One had hoped that the review from the Minister of Reconstruction and Supply to-day might give encouragement to believe that the worst is over as regards housing conditions in Canada. The picture painted for us of those conditions by the minister is neither heartening nor encouraging. It is true that some features of the report which the minister has given the house are reasonably bright. Some parts of the report which he gave with reference to the production of certain building material the house will receive, I am sure, with welcome. But the over-all picture that is presented by the minister to-day as regards current housing conditions and the outlook for improvement over the next year and a half is not bright; on the contrary, it is discouraging.

Housing Act
What is the picture which the minister has presented to us? In the first place, he says there is at the moment a deficit of 150,000 housing units. That is measured in terms of the housing emergency, not in terms of the over-all need to improve housing conditions in Canada, or to eliminate substandard houses and slums, but is simply the immediate emergency need to-day-150,000 housing units. What is the outlook for the future?
The outlook is this, that by the 31st of March of next year, namely by the spring of 1947, not only will that condition not have improved but it will actually be worse; the deficit in respect of emergency needs of housing will by that date have increased to 180,000 housing units. The situation by the spring of next year will be, we are told, twenty per cent worse than it is to-day. Then, what of 1947 after the spring of that year? The government's objective is to be 80,000 housing units for the year which will commence April 1, 1947, and end March 31, 1948. It means this, that so far from catching up with that further deficit of 30,000 housing units and keeping abreast of the situation as it develops during the summer of 1947, we cannot expect, in the light of present government housing policies, any over-all improvement in the situation in comparison with it as we know it to-day, July 1946, until, probably, the end of 1947.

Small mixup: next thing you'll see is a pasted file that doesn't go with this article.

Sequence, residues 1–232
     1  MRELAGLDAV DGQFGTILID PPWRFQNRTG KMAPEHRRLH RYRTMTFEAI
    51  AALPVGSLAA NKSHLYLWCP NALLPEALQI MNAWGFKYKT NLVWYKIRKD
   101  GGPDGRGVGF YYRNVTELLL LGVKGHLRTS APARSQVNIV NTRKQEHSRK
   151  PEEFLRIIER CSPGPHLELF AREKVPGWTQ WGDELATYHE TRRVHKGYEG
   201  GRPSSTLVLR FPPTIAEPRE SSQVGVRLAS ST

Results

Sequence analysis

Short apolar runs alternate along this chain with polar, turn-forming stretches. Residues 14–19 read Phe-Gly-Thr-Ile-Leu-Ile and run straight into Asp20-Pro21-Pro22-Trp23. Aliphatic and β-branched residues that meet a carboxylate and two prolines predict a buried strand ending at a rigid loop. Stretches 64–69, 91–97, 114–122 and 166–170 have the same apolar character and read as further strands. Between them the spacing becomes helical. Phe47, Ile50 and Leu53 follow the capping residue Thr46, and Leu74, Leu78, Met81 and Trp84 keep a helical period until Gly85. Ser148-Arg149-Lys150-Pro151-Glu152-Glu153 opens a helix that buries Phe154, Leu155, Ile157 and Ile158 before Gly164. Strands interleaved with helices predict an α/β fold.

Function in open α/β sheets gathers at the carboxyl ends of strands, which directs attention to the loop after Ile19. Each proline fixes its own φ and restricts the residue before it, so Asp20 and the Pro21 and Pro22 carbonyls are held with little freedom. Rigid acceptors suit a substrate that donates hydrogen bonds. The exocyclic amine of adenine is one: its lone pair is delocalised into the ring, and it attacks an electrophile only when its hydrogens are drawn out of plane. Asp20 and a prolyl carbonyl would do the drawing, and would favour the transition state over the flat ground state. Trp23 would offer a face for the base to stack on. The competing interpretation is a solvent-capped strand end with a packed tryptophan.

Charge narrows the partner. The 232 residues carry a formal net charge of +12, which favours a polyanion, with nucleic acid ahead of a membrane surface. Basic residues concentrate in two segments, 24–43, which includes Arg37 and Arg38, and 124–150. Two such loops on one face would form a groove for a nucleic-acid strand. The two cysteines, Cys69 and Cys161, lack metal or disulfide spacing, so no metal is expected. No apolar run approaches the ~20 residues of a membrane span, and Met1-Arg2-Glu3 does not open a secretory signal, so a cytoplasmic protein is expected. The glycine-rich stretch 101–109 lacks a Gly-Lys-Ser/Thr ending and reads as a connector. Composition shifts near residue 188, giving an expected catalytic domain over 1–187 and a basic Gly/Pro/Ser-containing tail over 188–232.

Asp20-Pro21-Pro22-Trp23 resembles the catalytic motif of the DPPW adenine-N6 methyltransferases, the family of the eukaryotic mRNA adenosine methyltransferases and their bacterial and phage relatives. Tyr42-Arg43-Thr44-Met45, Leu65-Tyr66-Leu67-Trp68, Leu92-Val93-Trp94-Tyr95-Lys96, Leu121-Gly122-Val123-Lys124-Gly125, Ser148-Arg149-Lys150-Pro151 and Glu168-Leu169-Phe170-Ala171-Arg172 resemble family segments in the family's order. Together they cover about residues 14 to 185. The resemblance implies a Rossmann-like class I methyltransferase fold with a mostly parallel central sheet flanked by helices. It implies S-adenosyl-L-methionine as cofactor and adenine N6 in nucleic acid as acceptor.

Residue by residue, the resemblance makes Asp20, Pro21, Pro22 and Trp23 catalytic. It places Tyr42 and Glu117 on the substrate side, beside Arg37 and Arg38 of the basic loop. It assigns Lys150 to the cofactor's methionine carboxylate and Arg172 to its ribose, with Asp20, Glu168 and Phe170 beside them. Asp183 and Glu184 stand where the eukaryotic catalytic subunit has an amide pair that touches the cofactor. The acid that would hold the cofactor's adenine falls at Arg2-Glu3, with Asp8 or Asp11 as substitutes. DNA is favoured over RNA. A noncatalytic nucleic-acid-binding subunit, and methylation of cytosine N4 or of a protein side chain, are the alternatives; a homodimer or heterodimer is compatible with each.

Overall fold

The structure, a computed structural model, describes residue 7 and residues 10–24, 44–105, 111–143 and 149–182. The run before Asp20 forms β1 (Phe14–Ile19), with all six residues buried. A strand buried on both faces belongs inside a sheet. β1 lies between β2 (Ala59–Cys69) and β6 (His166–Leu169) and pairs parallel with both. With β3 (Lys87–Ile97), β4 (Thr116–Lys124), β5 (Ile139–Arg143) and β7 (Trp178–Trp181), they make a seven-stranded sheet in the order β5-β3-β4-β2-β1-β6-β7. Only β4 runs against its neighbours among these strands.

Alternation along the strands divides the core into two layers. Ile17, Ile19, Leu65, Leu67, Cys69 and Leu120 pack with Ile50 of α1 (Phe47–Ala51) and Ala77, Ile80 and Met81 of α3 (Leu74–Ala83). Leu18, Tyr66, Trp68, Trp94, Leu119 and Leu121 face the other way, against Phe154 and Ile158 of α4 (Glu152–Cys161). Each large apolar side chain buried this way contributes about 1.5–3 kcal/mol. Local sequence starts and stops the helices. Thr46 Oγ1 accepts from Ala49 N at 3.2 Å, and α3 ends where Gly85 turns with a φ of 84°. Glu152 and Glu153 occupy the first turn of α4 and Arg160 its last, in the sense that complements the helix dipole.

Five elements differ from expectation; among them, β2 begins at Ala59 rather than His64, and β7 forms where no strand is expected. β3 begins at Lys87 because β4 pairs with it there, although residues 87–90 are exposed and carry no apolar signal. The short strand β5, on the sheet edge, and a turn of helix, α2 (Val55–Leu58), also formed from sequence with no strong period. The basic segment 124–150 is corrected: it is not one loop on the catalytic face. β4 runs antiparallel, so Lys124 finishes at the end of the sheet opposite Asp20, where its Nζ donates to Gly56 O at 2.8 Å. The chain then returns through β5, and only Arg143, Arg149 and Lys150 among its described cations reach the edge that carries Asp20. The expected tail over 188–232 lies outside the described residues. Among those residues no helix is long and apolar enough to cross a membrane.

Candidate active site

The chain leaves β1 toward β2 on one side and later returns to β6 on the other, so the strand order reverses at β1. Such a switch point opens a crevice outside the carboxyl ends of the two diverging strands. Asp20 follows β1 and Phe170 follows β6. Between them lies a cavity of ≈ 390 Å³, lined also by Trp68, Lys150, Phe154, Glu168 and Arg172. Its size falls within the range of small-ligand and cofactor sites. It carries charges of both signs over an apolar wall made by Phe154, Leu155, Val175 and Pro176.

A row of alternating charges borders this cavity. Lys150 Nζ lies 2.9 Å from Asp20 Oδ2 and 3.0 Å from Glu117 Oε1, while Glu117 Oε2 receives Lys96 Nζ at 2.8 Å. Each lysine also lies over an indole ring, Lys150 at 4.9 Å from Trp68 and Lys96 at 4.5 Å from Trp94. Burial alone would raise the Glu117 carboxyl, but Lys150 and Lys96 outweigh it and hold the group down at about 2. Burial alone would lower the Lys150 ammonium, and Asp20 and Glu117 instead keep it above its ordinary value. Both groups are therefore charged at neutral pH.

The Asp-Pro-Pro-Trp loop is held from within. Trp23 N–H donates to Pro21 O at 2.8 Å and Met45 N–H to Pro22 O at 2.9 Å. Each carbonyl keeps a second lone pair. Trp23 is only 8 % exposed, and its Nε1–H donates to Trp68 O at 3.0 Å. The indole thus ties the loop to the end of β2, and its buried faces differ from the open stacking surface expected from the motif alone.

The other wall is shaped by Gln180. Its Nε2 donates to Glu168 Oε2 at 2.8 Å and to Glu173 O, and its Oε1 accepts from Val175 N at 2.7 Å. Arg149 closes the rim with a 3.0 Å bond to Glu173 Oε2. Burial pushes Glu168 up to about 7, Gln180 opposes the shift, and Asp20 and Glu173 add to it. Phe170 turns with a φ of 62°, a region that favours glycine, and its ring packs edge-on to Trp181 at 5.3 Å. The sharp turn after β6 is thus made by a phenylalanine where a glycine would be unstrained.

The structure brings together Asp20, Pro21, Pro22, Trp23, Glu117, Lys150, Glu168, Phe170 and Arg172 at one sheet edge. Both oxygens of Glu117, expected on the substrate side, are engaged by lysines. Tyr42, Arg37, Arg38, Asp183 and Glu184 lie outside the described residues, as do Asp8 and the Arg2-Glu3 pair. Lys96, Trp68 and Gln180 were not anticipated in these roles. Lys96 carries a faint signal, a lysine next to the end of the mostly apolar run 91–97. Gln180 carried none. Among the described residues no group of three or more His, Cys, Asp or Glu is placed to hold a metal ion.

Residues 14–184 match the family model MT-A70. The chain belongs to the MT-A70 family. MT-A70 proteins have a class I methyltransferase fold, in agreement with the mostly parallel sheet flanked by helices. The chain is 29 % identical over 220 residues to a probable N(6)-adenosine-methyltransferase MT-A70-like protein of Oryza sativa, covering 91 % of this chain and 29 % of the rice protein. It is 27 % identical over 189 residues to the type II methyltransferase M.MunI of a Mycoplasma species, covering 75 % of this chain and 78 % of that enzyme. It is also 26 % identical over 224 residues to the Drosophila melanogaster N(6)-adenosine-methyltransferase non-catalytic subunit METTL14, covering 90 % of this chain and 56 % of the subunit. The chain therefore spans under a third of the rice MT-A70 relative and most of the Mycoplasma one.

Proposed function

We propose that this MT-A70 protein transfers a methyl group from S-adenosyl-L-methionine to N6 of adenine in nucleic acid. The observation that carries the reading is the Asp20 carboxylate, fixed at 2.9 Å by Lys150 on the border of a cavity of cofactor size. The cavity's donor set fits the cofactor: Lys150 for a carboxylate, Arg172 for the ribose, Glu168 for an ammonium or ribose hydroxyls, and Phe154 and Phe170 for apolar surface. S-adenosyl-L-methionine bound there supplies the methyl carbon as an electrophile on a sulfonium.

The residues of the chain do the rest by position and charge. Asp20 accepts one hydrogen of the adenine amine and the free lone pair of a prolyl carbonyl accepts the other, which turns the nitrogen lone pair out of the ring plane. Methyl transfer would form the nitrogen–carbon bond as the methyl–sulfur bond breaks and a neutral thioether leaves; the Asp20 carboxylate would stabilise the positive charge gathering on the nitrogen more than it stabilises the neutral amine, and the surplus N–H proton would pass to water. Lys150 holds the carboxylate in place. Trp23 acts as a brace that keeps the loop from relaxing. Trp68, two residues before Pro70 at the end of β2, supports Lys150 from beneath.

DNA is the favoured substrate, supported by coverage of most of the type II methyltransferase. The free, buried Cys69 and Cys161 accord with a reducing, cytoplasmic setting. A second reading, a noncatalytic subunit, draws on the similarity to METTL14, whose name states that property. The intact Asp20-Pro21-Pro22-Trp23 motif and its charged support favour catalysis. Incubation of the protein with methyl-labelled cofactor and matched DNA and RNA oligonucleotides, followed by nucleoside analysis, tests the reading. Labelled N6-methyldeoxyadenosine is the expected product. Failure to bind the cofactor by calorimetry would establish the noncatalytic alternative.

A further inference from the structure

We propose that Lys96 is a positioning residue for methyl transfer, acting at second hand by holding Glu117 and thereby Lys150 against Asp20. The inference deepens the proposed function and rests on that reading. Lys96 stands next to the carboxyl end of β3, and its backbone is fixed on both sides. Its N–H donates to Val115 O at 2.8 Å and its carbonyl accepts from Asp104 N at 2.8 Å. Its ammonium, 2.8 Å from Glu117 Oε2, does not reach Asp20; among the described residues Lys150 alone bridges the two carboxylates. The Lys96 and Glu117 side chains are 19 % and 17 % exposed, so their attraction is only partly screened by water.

That, I say, is a very dark picture. The people of this country so far as housing conditions are concerned have borne a great many disappointments; they have suffered many hardships, and they had hoped for something better than this at the hands of the government. We see the government always ready to accept credit for any Canadian accomplishment, any construction of houses. The government must equally accept responsibility for failure.
The report we have heard to-day will deal a hard blow at the hopes of many thousands of Canadians living under conditions of hardship and squalor. If the picture is dark, if the best the government can do gives but a dark outlook for housing conditions, it is much better that the people of Canada should know it, that we should have a frank exposition from the government so that the people will not be permitted to go on conjuring up hopes which would only be dashed next winter.
But, having said that one commends frankness, one does not at all excuse the government for the darkness of the picture. While one approves frankness, one would like some evidence of that quality among members of the government who undertake to deal with housing conditions. The house has heard what the Minister of Reconstruction and Supply has
had to say about housing conditions, and his candid admission that they are going to be worse before they are better. I turn by way of contrast to a speech made by the Minister of Veterans Affairs (Mr. Mackenzie) in Brandon on January 24, 1946. It bears the title "Aftermath."